North Carolina’s environment department says all of Duke Energy’s coal ash ponds have to be excavated, but wants legislators to allow a revisit of that decision in 18 months.
The decision, released Wednesday on a deadline set by state law, is based on the state’s estimate of the risks posed by Duke’s 111 million tons of ash, including contaminating water supplies.
But regulators left open the option that Duke could save billions of dollars in cleanup costs by making repairs and submitting new data showing limited risk from its ash.
Duke maintains its ash has not tainted private wells nearby, but said Wednesday it may offer “peace of mind” to those neighborhoods by connecting them to public water lines.
The Department of Environmental Quality said Wednesday’s deadline to decide when and how the ponds must be closed, based on risk ratings, was too short for Duke to make repairs to dams and submit more groundwater data.
“Making decisions based on incomplete information could lead to the expenditure of billions of dollars when spending millions now would provide equal or better protection,” Secretary Donald van der Vaart said in a statement.
Unless legislators change the timeline, DEQ’s decisions will take final effect in 60 days without review by an oversight panel created in 2014. Gov. Pat McCrory, a former Duke employee, disbanded the panel after a court case over appointees. A key legislator said the governor blocked efforts in recent days to revive it.
Duke has estimated the costs of closing the ponds at $4 billion but said in a securities filing Wednesday that costs would “significantly increase” if they all have to be excavated. Duke has said it would seek approval to pass those costs to customers.
A reversal of the department’s decisions could leave much of Duke’s ash in place. Environmental advocates, and neighbors who live near Duke’s power plants, insist that excavating ash is the only way to protect water supplies.
“If you allow them to do repairs and all this to the dams, you’re doing nothing for the danger that lies in the groundwater,” said Belmont resident Amy Brown, who lives near Duke’s Allen power plant. “If you do not remove the coal ash, you will always have people saying why didn’t you make them clean it up when you had the chance?”
Under the 2014 coal ash law, which followed a large spill of ash into the Dan River, eight of Duke’s ponds – near Charlotte, Eden, Asheville and Wilmington –were labeled high risk. The law required that they be drained of water and excavated by 2019.
In Wednesday’s decision, DEQ called the remaining 25 ponds intermediate risks, meaning they have to be dug up by 2024. Duke is excavating ash from five N.C. power plants.
Low-risk ratings, which Duke advocates, would mean ponds have to be closed by 2029. But the ponds could be simply drained and capped to keep out water, a far cheaper option than hauling ash away.
Capping ash ponds is allowed by the Environmental Protection Agency, Duke says, and would save customers money by reducing cleanup costs. Duke called DEQ’s excavation order “the most extreme closure option.”
“We do not believe (the ash law) intended a point-in-time ranking that relies on incomplete information,” Duke CEO Lynn Good told reporters. The company believes DEQ already has the ability to change its decisions when new information comes in, but will support changing the law.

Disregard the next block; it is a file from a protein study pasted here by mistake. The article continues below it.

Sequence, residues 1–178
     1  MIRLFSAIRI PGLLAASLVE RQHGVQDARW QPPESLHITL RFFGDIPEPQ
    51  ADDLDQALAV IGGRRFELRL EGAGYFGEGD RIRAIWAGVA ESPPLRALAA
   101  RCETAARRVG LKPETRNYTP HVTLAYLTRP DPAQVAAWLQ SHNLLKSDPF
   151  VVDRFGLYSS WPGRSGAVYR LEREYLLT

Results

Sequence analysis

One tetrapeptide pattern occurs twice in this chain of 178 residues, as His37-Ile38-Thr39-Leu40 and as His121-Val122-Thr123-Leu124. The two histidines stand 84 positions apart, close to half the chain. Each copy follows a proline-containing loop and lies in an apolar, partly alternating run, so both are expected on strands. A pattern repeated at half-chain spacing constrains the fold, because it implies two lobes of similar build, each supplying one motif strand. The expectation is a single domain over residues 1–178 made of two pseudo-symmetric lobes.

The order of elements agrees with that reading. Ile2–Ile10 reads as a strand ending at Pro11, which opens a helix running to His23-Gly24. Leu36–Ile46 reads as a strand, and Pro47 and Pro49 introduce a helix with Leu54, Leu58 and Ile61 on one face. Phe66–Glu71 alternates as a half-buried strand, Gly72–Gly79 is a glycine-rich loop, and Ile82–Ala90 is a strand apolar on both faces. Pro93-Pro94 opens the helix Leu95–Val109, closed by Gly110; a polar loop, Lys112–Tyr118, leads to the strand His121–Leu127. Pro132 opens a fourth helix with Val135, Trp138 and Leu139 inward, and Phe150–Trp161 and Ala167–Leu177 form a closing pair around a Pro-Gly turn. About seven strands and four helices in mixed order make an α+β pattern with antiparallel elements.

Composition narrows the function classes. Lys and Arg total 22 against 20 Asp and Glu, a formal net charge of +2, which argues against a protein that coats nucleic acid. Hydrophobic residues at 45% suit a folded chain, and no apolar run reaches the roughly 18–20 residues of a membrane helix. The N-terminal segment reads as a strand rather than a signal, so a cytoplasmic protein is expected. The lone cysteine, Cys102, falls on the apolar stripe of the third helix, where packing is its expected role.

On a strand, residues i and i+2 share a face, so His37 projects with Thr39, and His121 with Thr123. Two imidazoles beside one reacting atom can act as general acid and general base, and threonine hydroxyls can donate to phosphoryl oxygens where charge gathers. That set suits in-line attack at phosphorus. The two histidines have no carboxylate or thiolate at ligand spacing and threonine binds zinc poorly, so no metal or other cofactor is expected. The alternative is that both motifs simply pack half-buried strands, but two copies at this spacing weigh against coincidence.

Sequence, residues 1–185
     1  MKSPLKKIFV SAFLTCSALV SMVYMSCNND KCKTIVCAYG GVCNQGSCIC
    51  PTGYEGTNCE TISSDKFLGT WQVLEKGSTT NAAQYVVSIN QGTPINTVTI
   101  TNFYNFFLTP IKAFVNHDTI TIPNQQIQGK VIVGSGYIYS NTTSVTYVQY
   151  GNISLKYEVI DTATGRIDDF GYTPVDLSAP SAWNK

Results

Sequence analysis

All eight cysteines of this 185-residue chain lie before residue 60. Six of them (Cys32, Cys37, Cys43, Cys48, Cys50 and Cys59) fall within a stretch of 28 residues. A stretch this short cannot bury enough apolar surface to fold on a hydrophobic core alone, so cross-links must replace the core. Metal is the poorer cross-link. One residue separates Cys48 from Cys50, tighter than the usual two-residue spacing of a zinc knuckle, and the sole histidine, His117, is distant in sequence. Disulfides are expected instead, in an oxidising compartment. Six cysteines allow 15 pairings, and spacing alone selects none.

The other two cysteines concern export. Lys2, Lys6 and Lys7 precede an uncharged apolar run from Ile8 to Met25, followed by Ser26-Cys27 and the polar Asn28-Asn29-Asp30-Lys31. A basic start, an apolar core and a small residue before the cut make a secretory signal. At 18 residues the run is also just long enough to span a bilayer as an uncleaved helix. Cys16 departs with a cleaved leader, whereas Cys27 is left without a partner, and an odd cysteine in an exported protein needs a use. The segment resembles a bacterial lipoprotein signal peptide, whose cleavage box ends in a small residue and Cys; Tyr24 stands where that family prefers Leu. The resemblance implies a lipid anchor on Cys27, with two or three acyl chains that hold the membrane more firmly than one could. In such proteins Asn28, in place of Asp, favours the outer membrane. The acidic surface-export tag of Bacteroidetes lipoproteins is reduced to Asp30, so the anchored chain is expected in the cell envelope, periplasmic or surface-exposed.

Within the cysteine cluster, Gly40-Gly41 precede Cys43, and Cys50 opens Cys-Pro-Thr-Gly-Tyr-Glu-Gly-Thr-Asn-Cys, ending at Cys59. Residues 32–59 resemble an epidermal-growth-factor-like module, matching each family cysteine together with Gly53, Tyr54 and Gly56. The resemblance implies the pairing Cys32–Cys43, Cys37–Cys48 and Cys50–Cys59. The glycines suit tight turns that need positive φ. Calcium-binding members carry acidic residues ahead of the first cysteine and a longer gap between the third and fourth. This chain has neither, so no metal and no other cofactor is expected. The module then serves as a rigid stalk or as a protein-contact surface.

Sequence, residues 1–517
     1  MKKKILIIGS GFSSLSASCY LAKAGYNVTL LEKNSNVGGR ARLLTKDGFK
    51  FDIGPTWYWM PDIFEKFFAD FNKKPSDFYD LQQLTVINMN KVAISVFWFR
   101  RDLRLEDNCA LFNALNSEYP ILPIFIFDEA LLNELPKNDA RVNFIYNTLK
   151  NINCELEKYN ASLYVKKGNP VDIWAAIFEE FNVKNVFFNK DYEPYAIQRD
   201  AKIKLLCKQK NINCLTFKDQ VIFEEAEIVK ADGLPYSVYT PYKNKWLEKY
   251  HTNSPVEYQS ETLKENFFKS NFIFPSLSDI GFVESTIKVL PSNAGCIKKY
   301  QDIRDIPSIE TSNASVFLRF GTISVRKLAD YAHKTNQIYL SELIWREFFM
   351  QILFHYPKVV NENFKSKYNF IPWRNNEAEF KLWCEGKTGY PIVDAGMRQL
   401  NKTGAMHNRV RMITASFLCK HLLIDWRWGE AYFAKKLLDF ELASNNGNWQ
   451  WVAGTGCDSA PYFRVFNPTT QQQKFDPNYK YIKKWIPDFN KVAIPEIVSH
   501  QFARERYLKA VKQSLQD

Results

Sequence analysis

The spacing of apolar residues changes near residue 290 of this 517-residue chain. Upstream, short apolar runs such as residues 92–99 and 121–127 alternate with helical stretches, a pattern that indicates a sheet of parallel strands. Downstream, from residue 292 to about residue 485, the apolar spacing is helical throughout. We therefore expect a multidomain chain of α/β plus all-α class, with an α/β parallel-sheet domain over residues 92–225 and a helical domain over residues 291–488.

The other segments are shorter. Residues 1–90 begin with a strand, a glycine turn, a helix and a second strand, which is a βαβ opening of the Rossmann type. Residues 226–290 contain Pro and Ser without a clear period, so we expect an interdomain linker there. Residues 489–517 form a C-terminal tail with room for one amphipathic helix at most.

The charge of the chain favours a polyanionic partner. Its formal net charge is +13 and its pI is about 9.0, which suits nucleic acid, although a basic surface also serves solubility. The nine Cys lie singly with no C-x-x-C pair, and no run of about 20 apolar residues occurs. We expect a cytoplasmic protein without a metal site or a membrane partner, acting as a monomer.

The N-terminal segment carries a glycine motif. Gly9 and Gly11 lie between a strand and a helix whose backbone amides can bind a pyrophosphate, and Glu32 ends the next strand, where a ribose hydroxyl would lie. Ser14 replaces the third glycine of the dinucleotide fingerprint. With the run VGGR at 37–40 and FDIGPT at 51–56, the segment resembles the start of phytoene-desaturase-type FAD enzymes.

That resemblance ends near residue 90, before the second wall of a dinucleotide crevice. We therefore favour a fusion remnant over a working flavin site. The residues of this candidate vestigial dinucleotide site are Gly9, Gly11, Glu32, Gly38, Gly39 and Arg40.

DEQ appears receptive to changing its decisions to excavate.
Assistant Secretary Tom Reeder said the department hopes to determine the source and extent of groundwater contamination near Duke’s plants by late summer or early fall. Contaminated leaks from ash ponds into rivers and lakes could be regulated under pending discharge permits, he said.
“If the science proves that the risk has been alleviated to the people in these communities, and the risks of the solutions that Duke proposes is the same as excavation, that’s something we should consider,” Reeder said.
The department’s desire to revisit Wednesday’s announcement offers communities near Duke’s plants little guarantee they will be protected from ash, advocates said.
“They need to provide certainty to the people around the sites and even to Duke Energy,” said Catawba Riverkeeper Sam Perkins. “Letting these become final and truly final is what we need to move forward.”
Legislators created the Coal Ash Management Commission in 2014 to review DEQ’s decisions on closing ash ponds. McCrory disbanded the Coal Ash Management Commission in March after the state Supreme Court ruled that legislative appointments were unconstitutional.
Rep. Chuck McGrady, a Hendersonville Republican who helped write the coal ash law, said he finally won Senate support for a bill to reconstitute the commission. McCrory’s office, he said, promised to veto it.
“I just view this as a political act of an administration in trouble,” McGrady said. “Obviously the fact this governor is a former Duke employee is an issue. This is why we set up the second level of independent review.”
McCrory spokesman Graham Wilson responded that “the very liberal Rep. McGrady’s disrespectful and inaccurate statement is unbecoming to his office and doesn’t hide his disregard for the state Supreme Court’s recent 6-1 ruling that found the commission unconstitutional.”
Assistant DEQ secretary Reeder said the commission would serve no purpose.
“From a practical, regulatory perspective, I don’t see what possible benefit reconstituting the commission would have,” Reeder said. “Our staff has spent thousands of hours and gone over thousands of pages of documents on coal ash. The only thing I could see is it getting in the way and slowing things down.”